New Mexicans vote for kids

70% voters approve change to state constitution to give more money to public schools

By: - November 9, 2022 1:05 am

Voters celebrate the approval of Constitutional Amendment 1 on Nov. 8, 2022. The measure will give more money for public schools in New Mexico. Congress is one step closer from approving the measure to get this money to schools. (Photo by Shaun Griswold / Source NM)

With the number of newborns, preschoolers and K-12 kids in attendance, it was a good thing the watch party for Constitutional Amendment 1 wrapped up before 9 p.m. since some of the children were asleep by the time the race was called in their favor. 

When they wake up and hear the news, they will learn that New Mexico voters overwhelmingly changed state law to increase funding for their public schools by hundreds of millions of dollars each year.

“I got emotional because this is a big step for our children. And this is what we’ve been fighting for, for so long,” Wilhelmina Yazzie said. 

Yazzie (Diné) is the Yazzie in the landmark education lawsuit Yazzie-Martinez. She successfully sued the state of New Mexico, and in 2018, won a judgment saying the state must improve its public school systems for students that are Native American, English learners, living with disabilities and in poverty.

Wilhelmina Yazzie, the plaintiff in a lawsuit that spurned public school reform in New Mexico, poses in Albuquerque, NM after voters approved a constitutional amendment to increase funding for schools. (Photo by Shaun Griswold / Source NM)

The amendment means that the state must increase the amount of money it spends on public education. That extra funding will come from the Land Grant Permanent Fund, an investment savings portfolio made up of royalties from business conducted on state land, such as oil and gas exploration. Voters were asked if they would approve a 1.5% increase to go toward schools. Estimates show that more than $250 million will be available for the next fiscal year.

Yazzie said she’s been working for years to get to this point where money will now be available to pay for reform. The money could give the state an avenue to fund the programs that will bring New Mexico into compliance with the judgment order from the lawsuit.

New Mexico’s education reform plan presented to tribal leaders

When she started the lawsuit in 2014, her oldest son was in eighth grade. He’s a sophomore in college now, she says, and recognizes these battles might not directly help him but those who got to New Mexico public schools now and in the future. 

“What we’re fighting for, my son doesn’t get it,” she said. “But it’s for our children now in the present time and our new generation that are coming through, especially from pre-K, early childhood education, all that.”

Yazzie said she is also ecstatic that money from business on state land is finally going to support education for Native students.

“The permanent fund that this is coming from is all from our resources from our Indigenous lands. This is a big win. Now, it can go back to our Indigenous children.”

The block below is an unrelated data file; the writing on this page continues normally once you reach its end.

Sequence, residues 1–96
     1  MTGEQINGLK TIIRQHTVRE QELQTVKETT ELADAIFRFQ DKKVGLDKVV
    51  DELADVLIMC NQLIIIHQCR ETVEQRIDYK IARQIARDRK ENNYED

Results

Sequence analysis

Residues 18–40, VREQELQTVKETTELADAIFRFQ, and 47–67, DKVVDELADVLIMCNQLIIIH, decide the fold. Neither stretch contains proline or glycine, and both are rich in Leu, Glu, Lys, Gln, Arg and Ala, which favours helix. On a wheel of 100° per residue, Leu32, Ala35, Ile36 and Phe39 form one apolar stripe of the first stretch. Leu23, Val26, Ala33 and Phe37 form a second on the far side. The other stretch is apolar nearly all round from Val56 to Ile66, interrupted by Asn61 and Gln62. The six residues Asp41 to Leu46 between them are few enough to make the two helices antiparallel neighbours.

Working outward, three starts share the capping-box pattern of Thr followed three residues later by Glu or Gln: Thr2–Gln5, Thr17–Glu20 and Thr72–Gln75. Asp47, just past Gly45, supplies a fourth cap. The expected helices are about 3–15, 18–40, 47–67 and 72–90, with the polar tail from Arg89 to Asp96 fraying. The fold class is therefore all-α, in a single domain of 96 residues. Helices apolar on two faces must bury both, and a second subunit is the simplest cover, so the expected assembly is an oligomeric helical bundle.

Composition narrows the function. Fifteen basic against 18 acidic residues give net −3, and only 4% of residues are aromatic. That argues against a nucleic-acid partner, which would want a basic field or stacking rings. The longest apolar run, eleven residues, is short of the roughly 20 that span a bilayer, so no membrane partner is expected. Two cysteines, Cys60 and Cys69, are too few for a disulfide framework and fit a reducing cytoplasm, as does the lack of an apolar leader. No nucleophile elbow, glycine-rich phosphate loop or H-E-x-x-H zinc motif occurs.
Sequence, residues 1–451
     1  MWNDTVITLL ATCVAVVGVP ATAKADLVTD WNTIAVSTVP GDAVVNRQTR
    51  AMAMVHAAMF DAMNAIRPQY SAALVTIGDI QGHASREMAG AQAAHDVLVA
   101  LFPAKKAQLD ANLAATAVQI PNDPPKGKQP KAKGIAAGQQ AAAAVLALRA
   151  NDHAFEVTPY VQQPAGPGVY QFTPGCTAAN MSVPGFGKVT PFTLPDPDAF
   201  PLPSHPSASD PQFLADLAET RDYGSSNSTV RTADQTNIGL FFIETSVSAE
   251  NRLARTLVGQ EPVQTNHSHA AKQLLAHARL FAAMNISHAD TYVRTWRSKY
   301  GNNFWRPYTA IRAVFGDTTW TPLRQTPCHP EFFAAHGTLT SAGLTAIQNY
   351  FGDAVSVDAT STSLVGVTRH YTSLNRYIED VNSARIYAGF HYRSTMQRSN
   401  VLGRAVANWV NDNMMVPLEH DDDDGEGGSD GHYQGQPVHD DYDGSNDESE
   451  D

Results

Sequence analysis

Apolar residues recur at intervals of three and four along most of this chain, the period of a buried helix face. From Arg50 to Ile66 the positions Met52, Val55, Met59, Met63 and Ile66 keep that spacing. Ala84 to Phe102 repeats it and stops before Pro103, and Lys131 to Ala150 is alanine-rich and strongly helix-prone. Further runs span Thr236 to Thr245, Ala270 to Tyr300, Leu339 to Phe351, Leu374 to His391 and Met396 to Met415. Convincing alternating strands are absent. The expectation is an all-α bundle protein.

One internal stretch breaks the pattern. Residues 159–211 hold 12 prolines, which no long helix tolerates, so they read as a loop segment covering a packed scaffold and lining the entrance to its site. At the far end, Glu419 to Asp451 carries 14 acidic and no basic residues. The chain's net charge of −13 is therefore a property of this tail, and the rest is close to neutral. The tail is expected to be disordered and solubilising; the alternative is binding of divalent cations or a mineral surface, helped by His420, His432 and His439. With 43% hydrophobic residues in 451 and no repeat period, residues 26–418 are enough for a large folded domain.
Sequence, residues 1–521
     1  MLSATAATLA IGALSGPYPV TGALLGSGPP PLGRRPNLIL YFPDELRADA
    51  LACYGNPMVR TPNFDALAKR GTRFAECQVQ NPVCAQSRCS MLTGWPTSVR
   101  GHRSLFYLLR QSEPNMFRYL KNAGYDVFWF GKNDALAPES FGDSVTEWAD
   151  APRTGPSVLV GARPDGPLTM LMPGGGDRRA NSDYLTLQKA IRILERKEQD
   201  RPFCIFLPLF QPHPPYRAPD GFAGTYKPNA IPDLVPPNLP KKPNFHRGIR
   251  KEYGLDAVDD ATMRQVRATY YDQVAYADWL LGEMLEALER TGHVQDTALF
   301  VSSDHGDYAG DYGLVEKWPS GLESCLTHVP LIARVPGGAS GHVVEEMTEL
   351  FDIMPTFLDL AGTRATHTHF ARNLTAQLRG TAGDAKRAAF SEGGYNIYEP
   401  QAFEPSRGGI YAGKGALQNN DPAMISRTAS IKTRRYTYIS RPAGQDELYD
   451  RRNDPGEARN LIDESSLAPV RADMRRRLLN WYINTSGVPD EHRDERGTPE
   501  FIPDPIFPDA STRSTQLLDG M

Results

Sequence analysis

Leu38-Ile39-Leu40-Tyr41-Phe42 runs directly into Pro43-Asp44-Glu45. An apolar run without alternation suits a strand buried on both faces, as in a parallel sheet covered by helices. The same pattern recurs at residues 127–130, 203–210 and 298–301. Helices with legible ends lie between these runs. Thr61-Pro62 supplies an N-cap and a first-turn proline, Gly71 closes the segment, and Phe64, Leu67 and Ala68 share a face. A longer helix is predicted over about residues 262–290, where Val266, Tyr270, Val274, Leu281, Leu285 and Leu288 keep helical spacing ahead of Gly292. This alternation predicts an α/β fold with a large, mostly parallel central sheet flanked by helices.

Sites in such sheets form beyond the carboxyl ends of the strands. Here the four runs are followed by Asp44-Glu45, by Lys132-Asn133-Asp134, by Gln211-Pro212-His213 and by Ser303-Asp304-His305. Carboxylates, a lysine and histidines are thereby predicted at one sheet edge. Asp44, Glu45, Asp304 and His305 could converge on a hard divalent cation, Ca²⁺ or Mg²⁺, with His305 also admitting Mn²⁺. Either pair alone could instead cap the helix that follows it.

Ahtza Chavez, co-founder of the Native American Voters Alliance, said this amendment was a significant victory for Indigenous communities because it comes months after tribes united behind redistricting maps. This is the first election with the new maps, and she said this year’s election shows tribes are still working together for a shared goal.

“We knew that this had to happen. The ability for us to encourage our voters to get out there and vote for this, so that it can come back to some of our youth, has been exciting,” said Chavez (Diné/Kewa). “And it wasn’t just Native voters, it was all of the BIPOC communities coming together and saying, like, we’re going to make this happen for our kids.”

The push to tap NM’s Land Grant Permanent Fund for education

Now the work begins, so Chavez and Yazzie aren’t taking too much time off. 

Yazzie wants to see more reform of the public education system to meet specific needs of Native students through culturally relevant classwork and traditional language programs.

“Our first public school system was established to assimilate us,” she said. “And, you know, our ancestors fought back. And now we’re here. We’re still here. Still fighting.”

Chavez wants state lawmakers to look at school systems already in place that meet this need and then model them statewide.

“We have the Keres Learning Center. We have Walatowa Headstart. These are programs that are teaching our culture, our heritage and our language,” she said. “I think that’s going to be instrumental to how we create change, and that Indigenous power that we’re looking for in the future.”


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Shaun Griswold
Shaun Griswold

Shaun Griswold is a journalist in Albuquerque. He is a citizen of the Pueblo of Laguna, and his ancestry also includes Jemez and Zuni on the maternal side of his family. He grew up in Albuquerque and Gallup. He brings a decade of print and broadcast news experience. Shaun reports on issues important to Native Americans in urban and tribal communities throughout the state, including education and child welfare.